Orphaned Baby Elephant Rescued From Starvation

Sep 16, 2020 by apost team

This young elephant was at its worst when a ranger from the Big Life Education spotted it wandering alone in the Amboseli-Chyulu ecosystem. The ranger called the David Sheldrick Wildlife Trust, DWST, who came in to rescue the baby elephant in 2017.

If you love animals, you will love this video of brave rangers rescuing a baby elephant in the wilderness in the African Plains. The video is emotional, thanks to the weak nature of the baby elephant. The baby was separated from its elephant family and spent days in sorrow and without the needed shelter from the draught in the wilderness.

Be sure to reach the end of this article to see the full video.

There is so much to be seen in the video as the group of rangers step in to help the elephant survive. Heroes from David Sheldrick Wildlife Trust (DWST) help the baby elephant in a heart-warming video that will show you what humans are willing to do for animals. The rangers named the calf Esampu as that is the area they found it in a deplorable state, as told in the video.

After the rescue, the calf seems to be happy to join a herd of other elephants at the DWST orphanage. The calf was not sick, and the team did not need to give it any medical treatment. Instead, Esampu was hungry and the cold had gotten the better of it.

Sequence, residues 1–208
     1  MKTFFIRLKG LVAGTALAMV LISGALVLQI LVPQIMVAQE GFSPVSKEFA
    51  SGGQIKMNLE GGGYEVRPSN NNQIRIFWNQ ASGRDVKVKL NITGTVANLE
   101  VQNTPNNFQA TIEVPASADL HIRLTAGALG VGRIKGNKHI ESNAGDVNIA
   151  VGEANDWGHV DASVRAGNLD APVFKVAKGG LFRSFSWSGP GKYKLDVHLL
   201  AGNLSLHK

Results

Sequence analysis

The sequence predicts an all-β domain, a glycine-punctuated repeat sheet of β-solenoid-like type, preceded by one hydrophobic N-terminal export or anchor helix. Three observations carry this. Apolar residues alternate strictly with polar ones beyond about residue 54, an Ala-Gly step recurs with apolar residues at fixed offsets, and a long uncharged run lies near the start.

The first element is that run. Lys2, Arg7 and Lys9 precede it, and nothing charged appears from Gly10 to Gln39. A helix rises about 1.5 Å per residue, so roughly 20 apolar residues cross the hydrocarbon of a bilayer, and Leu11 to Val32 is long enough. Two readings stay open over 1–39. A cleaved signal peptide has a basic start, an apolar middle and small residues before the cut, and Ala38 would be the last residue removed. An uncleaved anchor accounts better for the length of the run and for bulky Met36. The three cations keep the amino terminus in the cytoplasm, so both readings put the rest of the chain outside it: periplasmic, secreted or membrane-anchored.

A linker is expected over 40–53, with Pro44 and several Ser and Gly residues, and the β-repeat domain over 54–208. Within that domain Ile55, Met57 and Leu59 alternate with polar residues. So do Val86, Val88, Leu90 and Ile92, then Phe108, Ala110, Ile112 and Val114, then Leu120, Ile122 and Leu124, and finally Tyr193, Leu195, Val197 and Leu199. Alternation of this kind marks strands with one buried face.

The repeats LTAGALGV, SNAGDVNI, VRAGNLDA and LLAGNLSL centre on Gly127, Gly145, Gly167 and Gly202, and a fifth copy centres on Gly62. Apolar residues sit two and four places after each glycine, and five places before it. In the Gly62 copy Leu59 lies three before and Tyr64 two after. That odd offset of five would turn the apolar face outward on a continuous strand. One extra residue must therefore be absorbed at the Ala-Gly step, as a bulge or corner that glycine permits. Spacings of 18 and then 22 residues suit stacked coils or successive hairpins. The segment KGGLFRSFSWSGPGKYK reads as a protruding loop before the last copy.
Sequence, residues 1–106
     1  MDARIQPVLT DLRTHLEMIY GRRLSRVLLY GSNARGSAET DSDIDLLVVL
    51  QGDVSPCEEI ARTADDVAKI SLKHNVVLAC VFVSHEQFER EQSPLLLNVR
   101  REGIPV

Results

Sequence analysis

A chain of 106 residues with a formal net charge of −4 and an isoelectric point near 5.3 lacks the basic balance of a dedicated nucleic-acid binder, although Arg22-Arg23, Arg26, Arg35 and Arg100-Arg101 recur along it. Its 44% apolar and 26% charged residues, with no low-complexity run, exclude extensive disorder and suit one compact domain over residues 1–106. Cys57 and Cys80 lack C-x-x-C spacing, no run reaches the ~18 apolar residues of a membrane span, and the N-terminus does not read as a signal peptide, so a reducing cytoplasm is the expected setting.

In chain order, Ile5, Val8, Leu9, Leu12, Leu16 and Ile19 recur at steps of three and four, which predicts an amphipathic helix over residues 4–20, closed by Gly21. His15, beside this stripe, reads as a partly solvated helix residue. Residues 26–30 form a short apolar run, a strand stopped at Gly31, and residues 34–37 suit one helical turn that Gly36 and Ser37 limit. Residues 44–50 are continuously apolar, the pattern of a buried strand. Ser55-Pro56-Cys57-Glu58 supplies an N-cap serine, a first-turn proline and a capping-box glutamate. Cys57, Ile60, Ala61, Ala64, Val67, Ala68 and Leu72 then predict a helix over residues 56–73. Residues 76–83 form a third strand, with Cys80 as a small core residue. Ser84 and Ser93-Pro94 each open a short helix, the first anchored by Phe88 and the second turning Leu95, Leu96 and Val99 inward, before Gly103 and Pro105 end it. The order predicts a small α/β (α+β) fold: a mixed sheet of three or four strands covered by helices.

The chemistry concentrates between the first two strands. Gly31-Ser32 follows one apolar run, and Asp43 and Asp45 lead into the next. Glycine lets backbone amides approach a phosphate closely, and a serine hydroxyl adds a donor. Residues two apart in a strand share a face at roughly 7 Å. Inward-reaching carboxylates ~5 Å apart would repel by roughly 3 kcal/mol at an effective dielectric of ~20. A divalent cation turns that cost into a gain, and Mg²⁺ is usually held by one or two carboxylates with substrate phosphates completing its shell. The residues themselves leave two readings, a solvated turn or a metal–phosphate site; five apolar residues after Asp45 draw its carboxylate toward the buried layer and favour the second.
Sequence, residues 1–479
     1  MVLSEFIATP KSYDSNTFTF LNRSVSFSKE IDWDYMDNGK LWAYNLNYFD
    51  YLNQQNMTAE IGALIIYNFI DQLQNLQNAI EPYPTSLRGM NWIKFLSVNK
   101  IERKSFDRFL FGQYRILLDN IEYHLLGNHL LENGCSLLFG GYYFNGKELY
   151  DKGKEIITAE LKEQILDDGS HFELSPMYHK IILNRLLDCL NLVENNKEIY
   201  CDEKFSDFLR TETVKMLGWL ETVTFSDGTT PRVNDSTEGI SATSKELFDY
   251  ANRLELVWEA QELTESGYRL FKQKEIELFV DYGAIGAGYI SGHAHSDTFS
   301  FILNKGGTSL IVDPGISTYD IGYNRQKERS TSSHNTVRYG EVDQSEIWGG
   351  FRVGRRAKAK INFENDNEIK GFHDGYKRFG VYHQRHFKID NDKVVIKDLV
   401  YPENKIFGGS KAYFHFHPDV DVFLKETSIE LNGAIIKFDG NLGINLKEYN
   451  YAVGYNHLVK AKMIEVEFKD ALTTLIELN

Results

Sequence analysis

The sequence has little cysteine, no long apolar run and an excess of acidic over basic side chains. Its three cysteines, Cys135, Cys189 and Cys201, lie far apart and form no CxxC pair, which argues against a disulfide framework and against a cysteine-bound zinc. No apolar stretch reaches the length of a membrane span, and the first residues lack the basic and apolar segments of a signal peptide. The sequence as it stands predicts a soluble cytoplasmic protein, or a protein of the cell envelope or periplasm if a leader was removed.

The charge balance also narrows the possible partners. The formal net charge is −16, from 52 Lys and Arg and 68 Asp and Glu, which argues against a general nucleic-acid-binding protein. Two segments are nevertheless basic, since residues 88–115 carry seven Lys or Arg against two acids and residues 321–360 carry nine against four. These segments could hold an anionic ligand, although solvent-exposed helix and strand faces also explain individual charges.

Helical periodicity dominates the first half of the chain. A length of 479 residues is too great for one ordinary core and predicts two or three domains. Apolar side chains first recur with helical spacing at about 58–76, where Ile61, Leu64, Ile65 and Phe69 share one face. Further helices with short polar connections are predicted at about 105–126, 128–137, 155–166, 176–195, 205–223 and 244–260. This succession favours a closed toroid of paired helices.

Elephants live in families. A herd of elephants live together, search for food together, protect each other, and migrate together when it is time to move to greener pastures. Families are crucial for the survival of the young ones as this is where they learn to search for food, look for the watering hole, and do much more, according to Elephant Voices.

When a baby elephant is separated from his family, they are in a state of sorrow. Elephants take care of their young ones almost the same way human beings do. A calf that is a few years old is still in need of its mother and its family for protection. When Esampu was separated from her family, she was in so much sorrow, and that will take time to overcome.

The team from DWST and the ranger who called them are not sure what happened to Esampu’s family. However, they suspect that the elephant spearing tradition that is rampant in the area could be the reason Esampu lost her family. For many years now, poaching and elephant hunting vices have become rampant in the Tsavo National Park, the country’s largest elephant park.

These vices have seen the number of elephants significantly reduce, but organizations such as the DWST have helped safeguard the animals. DWST has protected elephants for a long time. Large wild animals have reduced in number significantly, and this is why DWST comes in to help save the elephants.

Through their elephant rescue and rehabilitation program, the DWST has raised more than 262 orphaned elephants and attended to more than 7,000 veterinary cases in Kenya. The trust runs 15 mobile de-snaring teams with so many other resources to help the elephants, especially orphaned elephants.

When the elephants are big and strong enough, they are sent back to the wilderness to join other elephant families so that they can live naturally. What do you think of this adorable calf? What would you like to tell the brave rangers who rescued Esampu? Let us know in the comments! Don't forget to send it on to a friend. 

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